Economics

 

Recent Submissions

  • Hyytinen, Ari; Steen, Frode; Toivanen, Otto (2018)
    How many cartels are there, and how long do they live? The answers to these questions are important in assessing the need for competition policy. We present a Hidden Markov Model that takes into account that often it is not known whether a cartel exists or not. We take the model to data from a period of legal cartels - Finnish manufacturing industries 1951-1990. Our estimates suggest that once born, cartels are persistent; by the end of the period, almost all industries were cartelized.
  • Miettinen, Topi; Perea, Andrés (2015-07)
  • Andersson, Ola; Huysentruyt, Marieke; Miettinen, Topi; Stephan, Ute (2016-02-29)
  • Miettinen, Topi; Stenbacka, Rune (2018-08-04)
    We study a duopoly model of history-based price competition with switching costs and demonstrate how strategic history-based pricing induces the owners of the firms to implement managerial short-termism by delegating the pricing decisions to managers with a discount factor lower than that of the owners. Managerial short-termism is a strategic device whereby owners can soften price competition at the stage when customer relationships are established. The degree of short short-termism is shown to depend on the market structure, the intensity of competition and the magnitude of switching costs.
  • Boly, Amadou; Gillanders, Robert (2018-06-19)
    We analyse policymakers’ incentives to fight corruption under different institutional qualities. We find that ‘public officials’, even when non-corrupt, significantly distort anti-corruption institutions by choosing a lower detection probability when this probability applies to their own actions (legal equality), compared to a setting where it does not (legal inequality). More surprising perhaps is the finding that policy-makers do not choose a zero level of detection on average, even when it applies to them too. Finally, corruption is significantly lower when the detection probability is exogenously set, suggesting that the institutional power to choose detection can itself be corruptive.
  • Ekman, Mats Johan (2017-12-21)
    This article extends the Coase Conjecture to ethical issues of property rights. The Coase Conjecture combines well with the Lockean labour-mixing criterion to limit the boundaries of morally legitimate initial acquisitions of unowned property; whenever the Coase Conjecture applies, the Lockean Proviso that there be “enough and as good” left is automatically satisfied. The essential point is that, when a claim is made, the marginal willingness to pay for the last portion of it is zero (infra-marginally, willingness to pay may be arbitrarily high). Thus, the market price of the claim is zero, except for the part of it that the claimant inhabits or improves. “Excessive” claims therefore come to have a zero market price, so anyone may take possession of them, by purchase or theft. In either case they must compensate the original claimant by a zero amount. It follows that non-claimants do not lose by putatively “excessive” grabs by claimants. Under these circumstances, any initial claims are just.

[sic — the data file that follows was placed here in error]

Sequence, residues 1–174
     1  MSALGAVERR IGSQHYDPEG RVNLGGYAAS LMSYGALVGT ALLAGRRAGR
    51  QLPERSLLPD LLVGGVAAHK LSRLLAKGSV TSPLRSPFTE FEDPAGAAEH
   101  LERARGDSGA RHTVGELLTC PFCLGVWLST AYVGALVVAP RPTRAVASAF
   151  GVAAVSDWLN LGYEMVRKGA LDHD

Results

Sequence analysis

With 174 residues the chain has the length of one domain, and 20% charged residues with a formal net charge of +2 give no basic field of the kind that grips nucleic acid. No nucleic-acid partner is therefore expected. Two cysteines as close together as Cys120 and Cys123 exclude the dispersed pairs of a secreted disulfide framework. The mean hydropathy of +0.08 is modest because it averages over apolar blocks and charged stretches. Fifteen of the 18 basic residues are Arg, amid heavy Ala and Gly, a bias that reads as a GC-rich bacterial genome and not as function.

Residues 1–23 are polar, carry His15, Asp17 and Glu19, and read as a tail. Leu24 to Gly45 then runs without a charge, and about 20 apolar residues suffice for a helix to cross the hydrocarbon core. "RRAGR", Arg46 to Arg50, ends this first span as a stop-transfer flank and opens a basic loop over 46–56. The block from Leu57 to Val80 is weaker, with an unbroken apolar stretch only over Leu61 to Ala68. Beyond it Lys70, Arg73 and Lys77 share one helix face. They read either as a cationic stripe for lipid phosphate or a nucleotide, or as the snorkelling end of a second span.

• Ekman, Mats Johan (2017-11-13)
    In this empirical analysis of voting patterns in five countries on days when one or more national referenda were held, voter turnout appears to decline in the number of concurrent referenda, in contrast to standard theories’ predictions and regardless of method used to hold constant the quality of the referenda. Multiple concurrent referenda imply “quantity discounts” as one may vote on more ballots in one visit to the polling station. They should also draw more voters due to the wider range of interests attracted when more issues are up for vote. Yet, none of this seems to happen in the data. More recent developments, such as rule-utilitarian and information-based theories of voting, fare similarly poorly in light of the evidence presented in this article; a social theory of voting does better.
  • Storsjö, Isabell; Sveiby, Karl-Erik; Schimanski, Caroline (2015)
    This is an application of the "Surplus to Surplus" simulation. The purpose is to share one's "suplus ideas" with others.
  • Gillanders, Robert (2016)
  • Ellingsen, Tore; Miettinen, Topi (2014-09)
  • Miettinen, Topi (2009)
    Recent literature has established a link between the fully cursed equilibrium and the analogy-based expectation equilibrium. In this note, even the partially cursed equilibrium is shown to correspond to an analogy-based expectation equilibrium.
  • Miettinen, Topi (2012)
    The analogy-based expectation equilibrium, or simply analogy equilibrium (AE), analyzes equilibrium stereotypes by imposing consistency of infinitely large action samples with the expectation that broad classes of opponent types behave identically. This paper introduces the payoff-confirming analogy equilibrium (PAE) to refine the set of analogy equilibria. The concept imposes additionally that sample marginal of own payoffs be consistent with one’s expectations. Robust incorrect equilibrium stereotypes, i.e. non-Bayesian Nash PAE are shown to exist. General conditions are given for the prevalence of such stereotypes under correct expectations on exogenous uncertainty. In monotone selection games susceptible to winner’s curse, naive behavioral equilibrium leading to aggravation of adverse selection has been shown to match plausible informational assumptions of experienced, but behaviorally biased, equilibrium play. Here, behavioral equilibrium is matched with a corresponding PAE with an incorrect prior and correct prior is shown to imply correct overall expectations.
  • Miettinen, Topi; Poutvaara, Panu (2014-03)
  • Stenbacka, Rune; Tombak, Mihkel (2012)
  • Koskela, Erkki; Stenbacka, Rune; Juselius, Mikael (2013)
  • Gehrig, Thomas; Shy, Oz; Stenbacka, Rune (2012)

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